Add the Oklahoma House of Representatives to the list of those who may be taking a closer look at the Arkansas River Valley’s spring floods.
State Rep. Lonnie Sims, R-Jenks, has asked for an interim study on the matter, saying it would help federal, state and local officials better deal with similar events in the future.
“We can ask what we did right and what are some things we could better,” Sims said. “And it’s an opportunity to bring attention to the levee system.”
Sims said the study would benefit the entire state because of the scope of this year’s flooding. At a minimum, he said, he wants to include all of the Arkansas River’s tributaries, including the Grand and Verdigris rivers.
The interim study is one of 145 requested by House members this year. Speaker Charles McCall, R-Atoka, will decide in the next month or so which of those he will authorize.
Interim studies are essentially hearings on specific issues held while the Legislature is not in session. Interim studies are often springboards for legislation or policy proposals.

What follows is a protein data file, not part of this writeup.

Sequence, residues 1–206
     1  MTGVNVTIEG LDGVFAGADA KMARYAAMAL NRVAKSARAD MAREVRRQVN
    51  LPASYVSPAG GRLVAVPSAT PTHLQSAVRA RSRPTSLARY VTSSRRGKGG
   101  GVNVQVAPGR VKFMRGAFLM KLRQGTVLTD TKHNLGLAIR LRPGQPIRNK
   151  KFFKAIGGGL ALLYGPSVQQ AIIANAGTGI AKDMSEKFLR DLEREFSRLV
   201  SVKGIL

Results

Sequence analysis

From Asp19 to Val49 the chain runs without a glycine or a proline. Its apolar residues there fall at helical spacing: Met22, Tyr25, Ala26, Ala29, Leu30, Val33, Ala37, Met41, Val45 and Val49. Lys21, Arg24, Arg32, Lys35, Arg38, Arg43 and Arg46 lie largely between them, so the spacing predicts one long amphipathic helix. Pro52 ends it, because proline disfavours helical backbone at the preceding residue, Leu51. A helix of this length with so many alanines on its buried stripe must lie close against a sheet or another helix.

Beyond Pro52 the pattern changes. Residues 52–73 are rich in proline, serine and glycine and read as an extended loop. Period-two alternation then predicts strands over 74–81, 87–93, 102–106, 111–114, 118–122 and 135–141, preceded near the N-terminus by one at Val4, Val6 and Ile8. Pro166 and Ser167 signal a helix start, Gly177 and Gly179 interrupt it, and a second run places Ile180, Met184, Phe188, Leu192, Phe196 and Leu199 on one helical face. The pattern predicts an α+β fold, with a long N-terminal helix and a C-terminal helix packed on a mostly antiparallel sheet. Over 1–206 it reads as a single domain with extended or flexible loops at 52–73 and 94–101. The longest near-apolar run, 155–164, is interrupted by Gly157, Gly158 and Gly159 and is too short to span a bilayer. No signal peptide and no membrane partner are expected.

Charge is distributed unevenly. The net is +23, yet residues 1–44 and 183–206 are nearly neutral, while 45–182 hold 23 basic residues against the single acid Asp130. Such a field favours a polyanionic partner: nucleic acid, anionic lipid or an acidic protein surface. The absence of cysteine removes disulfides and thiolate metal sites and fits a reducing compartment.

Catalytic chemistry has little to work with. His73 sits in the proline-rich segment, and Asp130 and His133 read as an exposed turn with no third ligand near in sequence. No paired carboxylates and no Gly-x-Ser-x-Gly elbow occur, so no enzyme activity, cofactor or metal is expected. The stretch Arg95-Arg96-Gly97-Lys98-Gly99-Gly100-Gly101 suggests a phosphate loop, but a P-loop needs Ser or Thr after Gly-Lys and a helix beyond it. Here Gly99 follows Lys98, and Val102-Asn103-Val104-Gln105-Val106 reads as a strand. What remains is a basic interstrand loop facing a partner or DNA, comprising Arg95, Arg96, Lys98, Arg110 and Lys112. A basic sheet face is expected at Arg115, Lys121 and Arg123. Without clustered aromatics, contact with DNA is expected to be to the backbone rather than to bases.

Sims, whose training and experience are in fire protection and risk management, said he wants this interim study to be more like an “after-action report.”
“A lot of what I do is built around after-action reports,” Sims said. “Any kind of catastrophic event, or near-catastrophe, we get together and ask ‘What did we do right? What do we need to do better?’ ”
This spring’s floods may qualify as both catastrophic and near-catastrophic.
For homeowners in the Town and Country neighborhood in west Tulsa County and downstream communities such as Webbers Falls, Fort Gibson, Braggs and Muskogee, the floods were pretty devastating.
But for others, this past month was not as bad as it could have been. The Tulsa-area’s aging levee system held, and building codes adopted after the 1986 flood kept areas such as Jenks’ Riverwalk high and dry.
In his own district, which includes parts of Jenks and west Tulsa, Sims said his biggest concern is for the Garden City area along the Arkansas River between about 31st and 41st streets.
Sims, though, said his study should benefit far more Oklahomans than only his constituents.
“This was a statewide event,” he said. “It impacted so many cities and towns. What I want to do is bring in all of the stakeholders and have a discussion.”
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